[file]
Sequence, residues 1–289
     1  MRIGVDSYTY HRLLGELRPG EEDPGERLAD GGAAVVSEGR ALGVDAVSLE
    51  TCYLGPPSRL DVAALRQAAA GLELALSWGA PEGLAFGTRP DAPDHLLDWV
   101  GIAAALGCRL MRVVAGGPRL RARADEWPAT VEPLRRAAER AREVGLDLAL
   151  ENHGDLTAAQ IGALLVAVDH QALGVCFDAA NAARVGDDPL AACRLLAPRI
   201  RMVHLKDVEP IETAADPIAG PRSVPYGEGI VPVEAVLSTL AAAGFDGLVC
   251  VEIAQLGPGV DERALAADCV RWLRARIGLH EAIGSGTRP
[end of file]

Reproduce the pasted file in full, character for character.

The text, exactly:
Sequence, residues 1–289
     1  MRIGVDSYTY HRLLGELRPG EEDPGERLAD GGAAVVSEGR ALGVDAVSLE
    51  TCYLGPPSRL DVAALRQAAA GLELALSWGA PEGLAFGTRP DAPDHLLDWV
   101  GIAAALGCRL MRVVAGGPRL RARADEWPAT VEPLRRAAER AREVGLDLAL
   151  ENHGDLTAAQ IGALLVAVDH QALGVCFDAA NAARVGDDPL AACRLLAPRI
   201  RMVHLKDVEP IETAADPIAG PRSVPYGEGI VPVEAVLSTL AAAGFDGLVC
   251  VEIAQLGPGV DERALAADCV RWLRARIGLH EAIGSGTRP